The shop is arguing that, given the artistry involved in creating a custom wedding cake, compelling it to create a cake for a ceremony it morally disapproves of would violate its rights to freedom of speech and expression.
[A]s the libertarian legal scholars Dale Carpenter and Eugene Volokh argue in their persuasive amicus brief on behalf of Colorado, if Masterpiece's free speech claim were accepted by the Court, it would 'apply to a vast range of conduct.' Many of the activities employees and their supervisors engage in on the job have elements as potentially 'expressive' as baking a cake, and this is true of both tiny storefronts and Fortune 500 corporations.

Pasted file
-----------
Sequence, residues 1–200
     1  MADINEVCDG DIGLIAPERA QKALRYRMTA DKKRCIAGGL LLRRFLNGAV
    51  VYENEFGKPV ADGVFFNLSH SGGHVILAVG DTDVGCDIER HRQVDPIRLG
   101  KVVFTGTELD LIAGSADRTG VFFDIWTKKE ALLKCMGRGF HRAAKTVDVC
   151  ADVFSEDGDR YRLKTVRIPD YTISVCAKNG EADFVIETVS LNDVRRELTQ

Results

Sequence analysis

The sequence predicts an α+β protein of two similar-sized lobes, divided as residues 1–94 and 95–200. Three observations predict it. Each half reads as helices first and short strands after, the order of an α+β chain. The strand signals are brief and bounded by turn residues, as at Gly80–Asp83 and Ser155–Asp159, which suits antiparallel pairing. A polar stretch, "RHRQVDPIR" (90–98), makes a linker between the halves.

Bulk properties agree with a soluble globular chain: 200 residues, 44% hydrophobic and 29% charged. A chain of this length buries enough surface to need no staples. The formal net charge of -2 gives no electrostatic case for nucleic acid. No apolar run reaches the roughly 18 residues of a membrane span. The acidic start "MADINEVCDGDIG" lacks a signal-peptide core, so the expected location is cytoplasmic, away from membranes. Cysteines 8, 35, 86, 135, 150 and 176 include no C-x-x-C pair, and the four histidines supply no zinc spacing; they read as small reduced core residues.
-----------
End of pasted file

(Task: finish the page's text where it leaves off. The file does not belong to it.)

In other words, if something that clearly is art is recognized as art, "public accommodations" laws are going to come apart at the seams and everyone's going to just start associating or not associating as they damn well please rather than buckling down and doing as they're told by their betters.
I don't agree with Lemieux on whether or not that outcome is desirable, but I do hope he's right about the stakes.